Shame middlesbrough is the fucking pits, like. And my neighbours are noisy cunts. :)

The course at Abertay was designed in the same way - some of the lecturers are ex-industry. There's also a load of games companies in the Dundee area so there are guest lectures from these people as well.

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Guest JamesLee

<_<

Sounds like teesside and abertay or very similar, then. What are the devs around dundee and where are they based exactly? Come graduation when I'm looking for a job, scotland would be a nice place to live again :unsure:

I only know of reflections as the nearest dev to borough, though I've heard there are more.

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<_<

Sounds like teesside and abertay or very similar, then. What are the devs around dundee and where are they based exactly? Come graduation when I'm looking for a job, scotland would be a nice place to live again :unsure:

I only know of reflections as the nearest dev to borough, though I've heard there are more.

Devs in Dundee include Real Time Worlds, Visual Sciences, Vis & Denki though theres a few more. Further afield theres also Rockstar North in Edinburgh and I believe Vis have another studio further North somewhere.

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;)

Sounds like teesside and abertay or very similar, then. What are the devs around dundee and where are they based exactly? Come graduation when I'm looking for a job, scotland would be a nice place to live again :lol:

I only know of reflections as the nearest dev to borough, though I've heard there are more.

"Atmoic Planet" is actually in middlesbrough

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Well I'm doing an MA in Computer Games Studies over at Northumbria in Newcastle. Some may laugh but who here can truly explain our pastime without being derided by those who remain ignorant, even by those who partake in the activity?

Toops

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Well I actually found most people think it's cool, or just don't understand it. In fact when you say you want to be in games, a lot of older folk say to you "Ah, going for the big money eh?".

Little do they realise the money is rarely in development...

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Just a heads up that there's an article about Games degrees in this months Games TM (Zelda Minnish Cap issue) which you may find useful or informative.

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The course at Abertay was designed in the same way - some of the lecturers are ex-industry. There's also a load of games companies in the Dundee area so there are guest lectures from these people as well.

Hhhmmm, I did that four year games tech degree at Abertay too.

When you say ‘some are lecturers as ex-industry’ I assume you mean Al Huston, who quit.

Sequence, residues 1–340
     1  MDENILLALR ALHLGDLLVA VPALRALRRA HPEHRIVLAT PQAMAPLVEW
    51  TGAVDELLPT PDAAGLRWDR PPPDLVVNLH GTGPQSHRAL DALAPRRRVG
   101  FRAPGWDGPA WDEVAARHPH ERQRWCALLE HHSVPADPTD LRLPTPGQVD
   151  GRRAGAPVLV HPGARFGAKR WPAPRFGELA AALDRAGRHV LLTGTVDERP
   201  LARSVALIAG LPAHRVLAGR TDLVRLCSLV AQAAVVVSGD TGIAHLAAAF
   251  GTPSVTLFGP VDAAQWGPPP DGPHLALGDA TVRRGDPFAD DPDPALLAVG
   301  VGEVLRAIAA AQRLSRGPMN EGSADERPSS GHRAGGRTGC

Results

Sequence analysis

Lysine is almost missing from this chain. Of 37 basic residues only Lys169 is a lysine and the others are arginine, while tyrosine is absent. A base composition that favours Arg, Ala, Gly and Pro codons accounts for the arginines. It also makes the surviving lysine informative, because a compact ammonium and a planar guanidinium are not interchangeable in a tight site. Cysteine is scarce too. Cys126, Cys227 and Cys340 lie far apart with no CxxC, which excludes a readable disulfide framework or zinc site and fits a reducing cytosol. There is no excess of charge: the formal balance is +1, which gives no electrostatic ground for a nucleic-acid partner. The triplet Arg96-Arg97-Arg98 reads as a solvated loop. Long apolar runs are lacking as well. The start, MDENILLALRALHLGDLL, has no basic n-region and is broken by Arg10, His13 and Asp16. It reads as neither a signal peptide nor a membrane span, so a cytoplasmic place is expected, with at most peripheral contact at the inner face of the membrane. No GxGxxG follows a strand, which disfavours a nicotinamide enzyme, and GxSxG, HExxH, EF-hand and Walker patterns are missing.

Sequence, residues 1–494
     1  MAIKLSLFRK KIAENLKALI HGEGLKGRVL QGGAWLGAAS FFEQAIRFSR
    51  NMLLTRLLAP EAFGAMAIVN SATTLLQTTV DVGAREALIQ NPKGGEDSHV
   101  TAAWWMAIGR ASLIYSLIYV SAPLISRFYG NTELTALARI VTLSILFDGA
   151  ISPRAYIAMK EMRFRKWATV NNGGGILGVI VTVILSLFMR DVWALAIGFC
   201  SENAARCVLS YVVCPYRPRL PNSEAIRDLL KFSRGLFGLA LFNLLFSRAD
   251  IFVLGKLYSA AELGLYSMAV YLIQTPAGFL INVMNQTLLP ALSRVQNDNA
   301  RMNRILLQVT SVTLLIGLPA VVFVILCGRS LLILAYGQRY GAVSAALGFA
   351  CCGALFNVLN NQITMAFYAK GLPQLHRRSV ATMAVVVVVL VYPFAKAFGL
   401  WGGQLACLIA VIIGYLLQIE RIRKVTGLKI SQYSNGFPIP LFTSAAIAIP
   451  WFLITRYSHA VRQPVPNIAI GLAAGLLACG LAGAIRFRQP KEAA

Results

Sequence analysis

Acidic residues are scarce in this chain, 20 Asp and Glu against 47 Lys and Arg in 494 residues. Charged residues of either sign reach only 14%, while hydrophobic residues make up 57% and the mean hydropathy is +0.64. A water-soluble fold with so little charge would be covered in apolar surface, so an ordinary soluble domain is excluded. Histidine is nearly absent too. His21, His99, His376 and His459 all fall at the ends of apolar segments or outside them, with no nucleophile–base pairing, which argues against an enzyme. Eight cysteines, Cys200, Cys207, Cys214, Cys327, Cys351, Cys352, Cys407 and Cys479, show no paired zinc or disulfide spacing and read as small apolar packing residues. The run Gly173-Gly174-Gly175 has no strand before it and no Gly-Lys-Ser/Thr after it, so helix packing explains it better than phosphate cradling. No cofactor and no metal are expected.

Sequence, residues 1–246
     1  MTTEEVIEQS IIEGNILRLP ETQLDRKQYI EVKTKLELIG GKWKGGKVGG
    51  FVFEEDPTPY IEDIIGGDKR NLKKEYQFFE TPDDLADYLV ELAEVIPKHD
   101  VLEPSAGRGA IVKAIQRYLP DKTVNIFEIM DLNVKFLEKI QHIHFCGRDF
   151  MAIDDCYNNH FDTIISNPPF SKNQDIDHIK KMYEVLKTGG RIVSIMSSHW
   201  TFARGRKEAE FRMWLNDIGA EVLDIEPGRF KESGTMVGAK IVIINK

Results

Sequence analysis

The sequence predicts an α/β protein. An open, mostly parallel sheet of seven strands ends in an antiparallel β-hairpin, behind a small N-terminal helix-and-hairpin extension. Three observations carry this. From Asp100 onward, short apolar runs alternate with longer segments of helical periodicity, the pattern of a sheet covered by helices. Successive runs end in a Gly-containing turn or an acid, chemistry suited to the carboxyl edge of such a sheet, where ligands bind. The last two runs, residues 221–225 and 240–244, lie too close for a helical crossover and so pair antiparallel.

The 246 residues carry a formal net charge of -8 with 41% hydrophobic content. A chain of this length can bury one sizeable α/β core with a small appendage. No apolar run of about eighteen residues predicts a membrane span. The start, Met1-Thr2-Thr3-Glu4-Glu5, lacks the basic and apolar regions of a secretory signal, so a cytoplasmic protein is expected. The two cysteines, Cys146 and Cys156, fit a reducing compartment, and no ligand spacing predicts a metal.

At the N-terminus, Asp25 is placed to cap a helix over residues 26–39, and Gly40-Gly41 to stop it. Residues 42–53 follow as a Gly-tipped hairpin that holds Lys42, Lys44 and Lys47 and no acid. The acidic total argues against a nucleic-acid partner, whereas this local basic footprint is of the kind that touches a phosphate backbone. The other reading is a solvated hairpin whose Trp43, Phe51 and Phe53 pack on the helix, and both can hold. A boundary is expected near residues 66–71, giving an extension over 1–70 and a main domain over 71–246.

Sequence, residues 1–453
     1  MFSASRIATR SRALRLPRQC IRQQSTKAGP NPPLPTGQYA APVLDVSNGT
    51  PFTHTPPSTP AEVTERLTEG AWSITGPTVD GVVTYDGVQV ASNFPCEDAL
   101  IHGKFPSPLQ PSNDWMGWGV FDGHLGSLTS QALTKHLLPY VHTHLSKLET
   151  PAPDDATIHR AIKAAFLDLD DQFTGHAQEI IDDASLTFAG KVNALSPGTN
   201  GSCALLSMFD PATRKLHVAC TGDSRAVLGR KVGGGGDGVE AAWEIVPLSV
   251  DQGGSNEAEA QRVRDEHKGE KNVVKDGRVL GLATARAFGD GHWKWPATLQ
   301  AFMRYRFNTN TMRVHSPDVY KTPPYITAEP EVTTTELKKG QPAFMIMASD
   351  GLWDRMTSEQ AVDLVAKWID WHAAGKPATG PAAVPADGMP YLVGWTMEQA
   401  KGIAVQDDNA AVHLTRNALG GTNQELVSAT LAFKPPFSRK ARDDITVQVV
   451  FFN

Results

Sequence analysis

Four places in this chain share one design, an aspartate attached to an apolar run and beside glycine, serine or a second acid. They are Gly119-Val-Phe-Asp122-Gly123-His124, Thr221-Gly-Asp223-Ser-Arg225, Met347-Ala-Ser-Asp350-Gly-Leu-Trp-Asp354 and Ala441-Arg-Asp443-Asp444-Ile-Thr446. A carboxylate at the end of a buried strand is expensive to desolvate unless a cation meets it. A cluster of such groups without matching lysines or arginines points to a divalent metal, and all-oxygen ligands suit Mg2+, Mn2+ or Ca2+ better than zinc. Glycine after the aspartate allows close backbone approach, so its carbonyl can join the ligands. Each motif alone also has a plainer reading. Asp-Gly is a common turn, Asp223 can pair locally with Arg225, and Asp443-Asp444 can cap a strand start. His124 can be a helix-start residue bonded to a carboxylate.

Also, there is Kenny McAlpine, who did some outsourced sound work for a games company once.

And finally there is Matt Bett, who I have heard is currently teaching ‘games design’. I worked with Matt at Vis for 6 months before we both lost our jobs (we were on temp contracts). He now lectures after a massive 6 months experience!

Wozers, ex-industry indeed.

I can tell you I met nice people there and I learnt to program. It covered computer graphics and some maths (although most of the maths lectures were a joke, apart from Kenny’s actually) I met a lot of peeps who are now in the industry. (I won’t drop any names because I’m not trying to have a pissing contest)

It is not some quick way into the industry. Write yourself a good tech demo using all the new shader stuff and I’m sure you can land yourself a job.

Taking a degree is more about learning to ‘learn’ by yourself. Doing your own research and standing on your own two feet. Any degree can offer this….

I am currently a games designer working at a big uk company. I do think that me learning to program helps in a big way when designing because I can better understand the limits of the technology and also detect when a programmer is lying to me 

If you want to learn about design, read this book: http://www.amazon.co.uk/exec/obidos/ASIN/0...8410110-3183651

MIT games design book which is pretty exhaustive and a tough read, but if anyone is really interested it gives a real fundamental understanding of what makes good design. It doesn’t patronise by showing you how to design an uncluttered interface or great audio effects, all that shite that most design books cover. It cuts right to the bones of what defines a game and how we play them.

That’s my two cense.

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I can tell you I met nice people there and I learnt to program. It covered computer graphics and some maths (although most of the maths lectures were a joke, apart from Kenny’s actually) I met a lot of peeps who are now in the industry. (I won’t drop any names because I’m not trying to have a pissing contest)

It is not some quick way into the industry. Write yourself a good tech demo using all the new shader stuff and I’m sure you can land yourself a job.

Taking a degree is more about learning to ‘learn’ by yourself. Doing your own research and standing on your own two feet. Any degree can offer this….

Agree with most of what you said though I'm not sure what you mean by the maths lectures being a joke. Easy? Cos I don't think they were. Badly taught? Debatable, Allan Grady could put anyone to sleep but Richard Paris was fairly good, if scary.

As to your comment about degree's merely teaching you to learn, I would still put more value in the games courses than standard comp sci if you're going specifically for games. It's just more likely that by the end of it you'll have some good demo's etc. that have come through the course rather than stuff you've done in your spare time. If you truly know nothing about games then you would have to learn about what goes into making them on top of whatever you're learning at uni. But yeah, it ain't some quick way into the industry, it's as hard work as any degree and if you don't pass it you're not gonna get much attention...